The Island of Dr. Moreau
A scientific romance by H G Wells (1866 – 1946), published in 1896. In 1895, Wells had written a paper on ‘The Limits of Individual Plasticity’, speculating about the possibility of transforming living beings. The Island of Doctor Moreau explores this theme. A shipwrecked man, Edward Prendick, reaches a sinister island inhabited by notorious vivisectionist, Doctor Moreau. Prendick suspects that experiments are also being carried out on humans, resulting in hybrid forms; however, the doctor explains that he has actually been changing animals into people. After Moreau’s death his creatures revert, guided by their innate instincts. Although Prendick makes it home to England, he experiences profound discomfort in the presence of humans.
- Article by:
- Roger Luckhurst
- Visions of the future, Fin de siècle
Roger Luckhurst looks at H G Wells’s The Island of Dr. Moreau as a text that both provoked and explored feelings of disgust, reflecting late-Victorian questions and fears about vivisection, cannibalism and evolutionary degeneration.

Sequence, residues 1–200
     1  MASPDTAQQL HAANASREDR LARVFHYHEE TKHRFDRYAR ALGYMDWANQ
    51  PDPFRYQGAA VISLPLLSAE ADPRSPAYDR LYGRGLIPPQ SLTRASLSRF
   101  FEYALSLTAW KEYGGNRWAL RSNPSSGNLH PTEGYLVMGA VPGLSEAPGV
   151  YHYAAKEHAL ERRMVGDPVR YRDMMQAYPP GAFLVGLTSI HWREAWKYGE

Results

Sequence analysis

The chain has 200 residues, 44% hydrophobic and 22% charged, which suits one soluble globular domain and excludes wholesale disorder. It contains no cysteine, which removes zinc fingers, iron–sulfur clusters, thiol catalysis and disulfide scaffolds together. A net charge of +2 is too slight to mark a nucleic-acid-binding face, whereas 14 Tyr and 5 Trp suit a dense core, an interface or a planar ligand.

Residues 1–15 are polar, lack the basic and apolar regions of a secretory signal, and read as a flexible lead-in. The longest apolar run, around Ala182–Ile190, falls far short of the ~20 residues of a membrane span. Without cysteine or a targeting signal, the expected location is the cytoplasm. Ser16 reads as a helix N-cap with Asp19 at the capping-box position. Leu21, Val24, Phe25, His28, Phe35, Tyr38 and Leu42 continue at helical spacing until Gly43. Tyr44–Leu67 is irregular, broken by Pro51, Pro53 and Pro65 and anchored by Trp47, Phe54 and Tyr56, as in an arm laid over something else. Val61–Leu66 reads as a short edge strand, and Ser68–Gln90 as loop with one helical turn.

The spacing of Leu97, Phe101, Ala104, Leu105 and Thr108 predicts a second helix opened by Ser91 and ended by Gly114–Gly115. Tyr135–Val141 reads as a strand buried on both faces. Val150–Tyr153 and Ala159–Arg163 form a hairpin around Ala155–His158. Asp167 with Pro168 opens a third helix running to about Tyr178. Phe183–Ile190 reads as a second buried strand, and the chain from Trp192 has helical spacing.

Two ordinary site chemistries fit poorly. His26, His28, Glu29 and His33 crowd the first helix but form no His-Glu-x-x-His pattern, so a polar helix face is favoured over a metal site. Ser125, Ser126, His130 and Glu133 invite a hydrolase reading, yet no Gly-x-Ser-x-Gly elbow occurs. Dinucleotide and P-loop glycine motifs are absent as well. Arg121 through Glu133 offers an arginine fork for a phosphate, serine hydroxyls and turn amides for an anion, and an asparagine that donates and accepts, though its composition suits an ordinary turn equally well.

- Article by:
- Matthew Taunton
- Visions of the future, Power and politics, Fin de siècle
H G Wells was a committed socialist whose political writing influenced, among other things, the 1948 Universal Declaration of Human Rights. Dr Matthew Taunton considers how Wells engaged with socialist ideas in his journalism, social commentary and fiction.
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